If the Commission succeeds with the intended, true harmonisation of requirements and the set-up of a single EU-portal, sponsor country affiliates might also be affected through a shift of responsibilities towards regional or global development centres. Language competencies and direct lines with national regulators might be less relevant in a new world in which investigational medicinal product dossiers will be predominantly accepted in English. In its proposal, the Commission urges member states to accept “a commonly understood language in the medical field as the language for the documentation not destined to the subject”. And it is probably by reducing such language barriers that the planned Regulation might achieve its biggest benefit. Although the role of the EMA remains quite restricted in the new governance model – with its activities restricted to the safety reporting processes and to inspections – the proposal is indirectly triggering some centralisation in the overall process through decreased national barriers and a common lingua franca.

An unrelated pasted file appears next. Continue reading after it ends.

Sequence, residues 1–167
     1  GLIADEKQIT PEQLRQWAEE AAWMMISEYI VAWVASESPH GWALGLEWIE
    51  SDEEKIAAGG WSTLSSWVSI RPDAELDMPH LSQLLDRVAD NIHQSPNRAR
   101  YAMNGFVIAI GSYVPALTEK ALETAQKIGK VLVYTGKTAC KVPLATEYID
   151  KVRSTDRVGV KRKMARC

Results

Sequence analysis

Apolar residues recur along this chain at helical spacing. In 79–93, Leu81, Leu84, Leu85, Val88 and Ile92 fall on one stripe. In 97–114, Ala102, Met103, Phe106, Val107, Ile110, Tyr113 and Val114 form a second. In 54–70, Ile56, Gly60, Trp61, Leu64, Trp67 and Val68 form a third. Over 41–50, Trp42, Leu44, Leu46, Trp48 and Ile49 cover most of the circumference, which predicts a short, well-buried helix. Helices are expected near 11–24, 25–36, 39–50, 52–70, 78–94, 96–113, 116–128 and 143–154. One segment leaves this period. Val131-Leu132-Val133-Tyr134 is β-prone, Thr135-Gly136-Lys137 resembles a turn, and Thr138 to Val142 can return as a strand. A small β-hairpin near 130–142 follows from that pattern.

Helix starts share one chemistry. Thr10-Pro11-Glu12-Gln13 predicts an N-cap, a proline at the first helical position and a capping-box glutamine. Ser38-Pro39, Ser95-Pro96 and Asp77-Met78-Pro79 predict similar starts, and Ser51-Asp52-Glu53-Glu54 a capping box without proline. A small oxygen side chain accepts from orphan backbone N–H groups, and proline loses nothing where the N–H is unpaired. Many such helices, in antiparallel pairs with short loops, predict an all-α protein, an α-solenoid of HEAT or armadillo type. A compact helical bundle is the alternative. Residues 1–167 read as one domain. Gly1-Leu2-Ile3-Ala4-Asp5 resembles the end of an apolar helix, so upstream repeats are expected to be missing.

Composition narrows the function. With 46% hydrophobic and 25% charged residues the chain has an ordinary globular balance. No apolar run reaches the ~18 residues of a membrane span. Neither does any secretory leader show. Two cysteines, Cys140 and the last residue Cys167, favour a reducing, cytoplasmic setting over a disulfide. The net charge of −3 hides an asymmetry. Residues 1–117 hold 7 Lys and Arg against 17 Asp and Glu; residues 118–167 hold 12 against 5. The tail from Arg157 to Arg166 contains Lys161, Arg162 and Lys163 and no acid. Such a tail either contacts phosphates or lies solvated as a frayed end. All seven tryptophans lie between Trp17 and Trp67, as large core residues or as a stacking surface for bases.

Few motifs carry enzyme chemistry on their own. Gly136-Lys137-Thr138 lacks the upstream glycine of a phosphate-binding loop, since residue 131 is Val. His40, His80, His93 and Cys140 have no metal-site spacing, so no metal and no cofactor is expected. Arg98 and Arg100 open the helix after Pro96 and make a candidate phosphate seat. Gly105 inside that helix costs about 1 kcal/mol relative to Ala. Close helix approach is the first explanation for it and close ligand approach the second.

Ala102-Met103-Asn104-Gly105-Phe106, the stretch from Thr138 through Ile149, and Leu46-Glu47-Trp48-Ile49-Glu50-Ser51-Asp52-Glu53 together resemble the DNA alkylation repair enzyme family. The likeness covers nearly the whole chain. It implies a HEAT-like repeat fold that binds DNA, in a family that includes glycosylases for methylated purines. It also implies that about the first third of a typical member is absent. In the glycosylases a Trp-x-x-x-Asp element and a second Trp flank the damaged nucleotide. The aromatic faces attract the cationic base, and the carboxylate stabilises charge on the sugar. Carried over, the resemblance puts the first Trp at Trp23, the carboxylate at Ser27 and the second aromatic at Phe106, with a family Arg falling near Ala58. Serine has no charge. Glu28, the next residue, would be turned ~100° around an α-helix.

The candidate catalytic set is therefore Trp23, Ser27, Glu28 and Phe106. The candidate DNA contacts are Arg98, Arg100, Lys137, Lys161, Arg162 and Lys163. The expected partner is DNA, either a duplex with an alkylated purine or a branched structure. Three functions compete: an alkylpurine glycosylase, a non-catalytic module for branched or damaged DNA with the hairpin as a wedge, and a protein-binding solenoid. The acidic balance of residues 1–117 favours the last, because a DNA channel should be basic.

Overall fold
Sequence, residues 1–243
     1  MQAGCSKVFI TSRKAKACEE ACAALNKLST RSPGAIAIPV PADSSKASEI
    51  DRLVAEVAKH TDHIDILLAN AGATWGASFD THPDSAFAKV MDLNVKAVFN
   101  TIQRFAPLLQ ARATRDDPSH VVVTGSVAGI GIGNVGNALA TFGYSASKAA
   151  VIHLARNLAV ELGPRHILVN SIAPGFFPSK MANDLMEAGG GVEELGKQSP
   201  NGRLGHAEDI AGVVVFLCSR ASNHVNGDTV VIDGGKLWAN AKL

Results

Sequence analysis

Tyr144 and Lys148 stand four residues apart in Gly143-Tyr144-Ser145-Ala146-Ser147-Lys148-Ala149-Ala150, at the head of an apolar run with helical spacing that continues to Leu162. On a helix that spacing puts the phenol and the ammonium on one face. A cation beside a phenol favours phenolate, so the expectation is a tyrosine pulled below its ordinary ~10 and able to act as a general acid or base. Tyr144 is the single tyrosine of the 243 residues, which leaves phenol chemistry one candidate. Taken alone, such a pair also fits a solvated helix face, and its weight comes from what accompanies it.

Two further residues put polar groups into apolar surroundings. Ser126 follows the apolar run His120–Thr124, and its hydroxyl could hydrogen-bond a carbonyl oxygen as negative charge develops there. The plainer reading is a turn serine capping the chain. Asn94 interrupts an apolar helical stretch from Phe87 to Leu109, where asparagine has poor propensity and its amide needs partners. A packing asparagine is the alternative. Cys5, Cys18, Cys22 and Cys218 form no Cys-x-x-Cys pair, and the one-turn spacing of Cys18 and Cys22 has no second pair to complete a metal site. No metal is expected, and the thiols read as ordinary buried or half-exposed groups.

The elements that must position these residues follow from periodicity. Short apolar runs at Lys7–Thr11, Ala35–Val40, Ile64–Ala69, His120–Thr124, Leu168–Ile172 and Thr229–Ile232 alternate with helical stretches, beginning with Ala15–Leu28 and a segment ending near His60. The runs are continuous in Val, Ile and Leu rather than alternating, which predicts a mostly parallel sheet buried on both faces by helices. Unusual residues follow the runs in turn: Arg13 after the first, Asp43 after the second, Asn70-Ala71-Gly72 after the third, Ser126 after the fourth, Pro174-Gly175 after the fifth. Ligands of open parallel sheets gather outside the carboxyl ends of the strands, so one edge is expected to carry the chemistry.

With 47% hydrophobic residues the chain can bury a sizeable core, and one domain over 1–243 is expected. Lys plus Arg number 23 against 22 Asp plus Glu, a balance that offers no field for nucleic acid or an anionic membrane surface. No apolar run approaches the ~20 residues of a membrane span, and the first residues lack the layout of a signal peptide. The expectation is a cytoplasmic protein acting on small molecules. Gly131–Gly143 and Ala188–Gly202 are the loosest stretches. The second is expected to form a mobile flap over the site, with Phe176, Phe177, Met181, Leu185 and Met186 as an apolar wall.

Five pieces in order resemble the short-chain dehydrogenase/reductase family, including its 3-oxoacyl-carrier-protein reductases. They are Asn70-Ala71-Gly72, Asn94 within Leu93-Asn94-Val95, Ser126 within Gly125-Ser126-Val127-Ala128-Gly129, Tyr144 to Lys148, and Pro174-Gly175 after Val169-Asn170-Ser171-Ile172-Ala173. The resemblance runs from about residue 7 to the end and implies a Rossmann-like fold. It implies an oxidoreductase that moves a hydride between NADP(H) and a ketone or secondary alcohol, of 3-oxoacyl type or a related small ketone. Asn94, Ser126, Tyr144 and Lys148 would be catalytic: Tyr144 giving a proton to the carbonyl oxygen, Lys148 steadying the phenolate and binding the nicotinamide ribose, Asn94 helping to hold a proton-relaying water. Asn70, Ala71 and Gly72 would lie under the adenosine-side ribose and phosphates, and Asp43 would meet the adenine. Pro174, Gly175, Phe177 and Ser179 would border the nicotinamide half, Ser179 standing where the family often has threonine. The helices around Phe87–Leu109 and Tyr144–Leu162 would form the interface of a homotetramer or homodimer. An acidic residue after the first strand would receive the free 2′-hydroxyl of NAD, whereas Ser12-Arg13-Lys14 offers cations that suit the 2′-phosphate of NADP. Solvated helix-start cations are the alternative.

Current Discussion

For the moment, the time of public consultations is over; the politicians now have their say. The Irish Presidency of the Council of the EU, which started on 1st January 2013, made “progress on the proposal for a Regulation concerning clinical trials” the top line in its programme for pharmaceuticals and medical devices.